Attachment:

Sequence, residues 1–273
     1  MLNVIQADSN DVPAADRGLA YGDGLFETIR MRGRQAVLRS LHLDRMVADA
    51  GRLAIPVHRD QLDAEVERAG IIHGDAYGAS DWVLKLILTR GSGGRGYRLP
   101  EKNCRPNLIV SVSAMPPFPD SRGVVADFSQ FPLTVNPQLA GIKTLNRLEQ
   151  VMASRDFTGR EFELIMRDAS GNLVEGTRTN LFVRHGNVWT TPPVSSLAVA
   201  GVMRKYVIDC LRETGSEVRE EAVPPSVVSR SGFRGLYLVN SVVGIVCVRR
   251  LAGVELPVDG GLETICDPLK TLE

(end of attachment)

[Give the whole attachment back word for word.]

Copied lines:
Sequence, residues 1–273
     1  MLNVIQADSN DVPAADRGLA YGDGLFETIR MRGRQAVLRS LHLDRMVADA
    51  GRLAIPVHRD QLDAEVERAG IIHGDAYGAS DWVLKLILTR GSGGRGYRLP
   101  EKNCRPNLIV SVSAMPPFPD SRGVVADFSQ FPLTVNPQLA GIKTLNRLEQ
   151  VMASRDFTGR EFELIMRDAS GNLVEGTRTN LFVRHGNVWT TPPVSSLAVA
   201  GVMRKYVIDC LRETGSEVRE EAVPPSVVSR SGFRGLYLVN SVVGIVCVRR
   251  LAGVELPVDG GLETICDPLK TLE